Up-Scaling Resistance for Right to the City: Through the Case of South Korea's Tenant Shopkeepers' Organizing

Monday, 16 July 2018: 17:30
Oral Presentation
Yewon LEE, University of California at Los Angeles, USA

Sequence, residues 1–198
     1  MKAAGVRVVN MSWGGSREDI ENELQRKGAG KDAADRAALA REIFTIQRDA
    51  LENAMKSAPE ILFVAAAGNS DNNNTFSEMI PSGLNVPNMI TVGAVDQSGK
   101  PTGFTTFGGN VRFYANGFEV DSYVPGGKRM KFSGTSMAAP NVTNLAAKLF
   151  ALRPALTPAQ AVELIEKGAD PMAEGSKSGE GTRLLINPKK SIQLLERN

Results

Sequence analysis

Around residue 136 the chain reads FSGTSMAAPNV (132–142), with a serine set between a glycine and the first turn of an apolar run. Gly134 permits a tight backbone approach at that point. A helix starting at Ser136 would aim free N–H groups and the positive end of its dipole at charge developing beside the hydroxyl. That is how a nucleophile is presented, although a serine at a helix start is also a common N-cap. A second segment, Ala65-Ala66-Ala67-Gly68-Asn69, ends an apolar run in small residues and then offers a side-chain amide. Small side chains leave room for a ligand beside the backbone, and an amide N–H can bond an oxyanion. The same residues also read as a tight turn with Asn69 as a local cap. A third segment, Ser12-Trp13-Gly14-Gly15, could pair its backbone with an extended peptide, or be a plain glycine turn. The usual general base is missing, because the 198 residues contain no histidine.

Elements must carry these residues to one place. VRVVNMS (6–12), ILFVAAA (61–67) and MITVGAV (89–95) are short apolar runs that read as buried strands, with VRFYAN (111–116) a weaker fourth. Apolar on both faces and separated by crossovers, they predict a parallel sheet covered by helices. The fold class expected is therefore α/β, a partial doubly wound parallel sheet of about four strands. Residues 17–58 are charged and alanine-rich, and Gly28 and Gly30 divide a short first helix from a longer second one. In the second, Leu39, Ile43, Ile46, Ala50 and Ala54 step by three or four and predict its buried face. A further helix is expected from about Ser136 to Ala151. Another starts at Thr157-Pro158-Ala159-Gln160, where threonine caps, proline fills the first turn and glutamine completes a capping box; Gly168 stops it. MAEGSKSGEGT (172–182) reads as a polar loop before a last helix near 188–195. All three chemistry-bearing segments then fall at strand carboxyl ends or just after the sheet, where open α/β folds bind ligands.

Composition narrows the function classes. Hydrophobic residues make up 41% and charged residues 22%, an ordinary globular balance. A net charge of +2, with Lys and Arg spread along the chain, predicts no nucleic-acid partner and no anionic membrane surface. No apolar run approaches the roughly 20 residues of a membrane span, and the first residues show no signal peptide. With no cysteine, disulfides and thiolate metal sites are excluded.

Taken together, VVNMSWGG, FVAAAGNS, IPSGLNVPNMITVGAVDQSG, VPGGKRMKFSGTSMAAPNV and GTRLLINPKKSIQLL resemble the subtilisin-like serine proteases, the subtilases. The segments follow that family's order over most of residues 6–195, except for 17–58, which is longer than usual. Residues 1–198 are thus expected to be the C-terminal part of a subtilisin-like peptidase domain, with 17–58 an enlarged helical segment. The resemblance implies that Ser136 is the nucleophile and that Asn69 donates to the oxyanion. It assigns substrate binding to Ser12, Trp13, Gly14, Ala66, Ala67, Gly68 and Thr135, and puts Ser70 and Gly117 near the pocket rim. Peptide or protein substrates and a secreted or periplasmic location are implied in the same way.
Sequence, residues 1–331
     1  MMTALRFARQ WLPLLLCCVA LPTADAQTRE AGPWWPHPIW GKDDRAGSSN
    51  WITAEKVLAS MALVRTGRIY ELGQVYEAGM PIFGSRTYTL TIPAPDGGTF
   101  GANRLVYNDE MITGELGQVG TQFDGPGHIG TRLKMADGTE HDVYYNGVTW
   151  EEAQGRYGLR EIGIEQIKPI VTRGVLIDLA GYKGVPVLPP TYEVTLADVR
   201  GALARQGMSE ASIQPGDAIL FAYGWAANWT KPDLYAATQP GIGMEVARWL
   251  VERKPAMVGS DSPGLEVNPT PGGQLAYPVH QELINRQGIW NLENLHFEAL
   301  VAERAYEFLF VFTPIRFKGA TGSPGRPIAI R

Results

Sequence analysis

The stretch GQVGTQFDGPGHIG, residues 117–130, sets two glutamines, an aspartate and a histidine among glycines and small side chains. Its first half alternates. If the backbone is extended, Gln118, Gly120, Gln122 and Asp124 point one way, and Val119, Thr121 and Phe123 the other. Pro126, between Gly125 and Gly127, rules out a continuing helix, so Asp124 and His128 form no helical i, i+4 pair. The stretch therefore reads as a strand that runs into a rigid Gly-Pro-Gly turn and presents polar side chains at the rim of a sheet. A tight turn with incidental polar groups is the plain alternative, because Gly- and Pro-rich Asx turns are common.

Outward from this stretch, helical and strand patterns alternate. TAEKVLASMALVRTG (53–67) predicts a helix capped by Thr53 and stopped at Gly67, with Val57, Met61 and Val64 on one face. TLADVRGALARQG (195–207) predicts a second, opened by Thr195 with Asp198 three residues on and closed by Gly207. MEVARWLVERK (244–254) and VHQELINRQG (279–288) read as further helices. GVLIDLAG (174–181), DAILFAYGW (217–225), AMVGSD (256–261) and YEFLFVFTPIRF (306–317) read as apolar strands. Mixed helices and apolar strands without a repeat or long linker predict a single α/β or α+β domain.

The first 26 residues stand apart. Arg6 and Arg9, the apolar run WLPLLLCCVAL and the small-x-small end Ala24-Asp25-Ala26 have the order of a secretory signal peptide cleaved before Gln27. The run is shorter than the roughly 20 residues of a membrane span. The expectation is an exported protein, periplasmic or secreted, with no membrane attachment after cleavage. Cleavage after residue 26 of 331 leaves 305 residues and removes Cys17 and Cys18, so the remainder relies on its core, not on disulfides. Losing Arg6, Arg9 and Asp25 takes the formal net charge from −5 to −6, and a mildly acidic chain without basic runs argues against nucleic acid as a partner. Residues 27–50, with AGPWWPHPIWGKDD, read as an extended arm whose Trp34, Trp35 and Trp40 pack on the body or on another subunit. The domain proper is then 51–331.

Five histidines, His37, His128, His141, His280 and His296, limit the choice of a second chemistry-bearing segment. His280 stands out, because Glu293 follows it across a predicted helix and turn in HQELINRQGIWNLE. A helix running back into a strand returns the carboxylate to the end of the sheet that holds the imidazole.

Can an anti-gentrification movement avoid the local trap and grow beyond the scale of a particular place-based alliance? I analyze how the context of South Korea enabled an anti-displacement organization to form a trans-local identity and organizational presence based on the precarious urban citizenship of the property-less. I conduct ethnographic research on a particular anti-gentrification movement that has gained increasing national visibility by tapping into a new base of urban constituents: tenant shop-owners who are facing eviction from their shops. By focusing on urban spaces not only as places of living but also as places of making a livelihood, I cast the limelight on how hyper-urbanization creates a condition that brings together a wider set of socio-economic classes when the lack of ownership rights becomes a source of dispossession, exploitation, and enduring inequality. Conventionally, the tenant shop-owners as a group are considered privileged due to their autonomous, self-employed status and are thought to be shielded from the deteriorating conditions of low-skilled working-class wageworkers. However, contrary to this perception, in the face of gentrification pressure, this apparent security is more tenuous. By analyzing the contested grounds on which the tenant shopkeepers frame their right to the city, I examine how the infusion of new movement subjects creates a space to experiment with and debate an alternative vision of a just distribution of rights to the city. I also critically examine how certain ways of framing urban citizenship and deservingness can inadvertently exclude urban dwellers and even member tenants with less social and cultural capital. By filling a theoretical and empirical gap in the gentrification literature on a certain overlooked urban space-based precarity, I contribute to identifying the multiple pathways to fulfilling the vision of the right to the city and explore and scrutinize the “actually existing” resistances along these paths.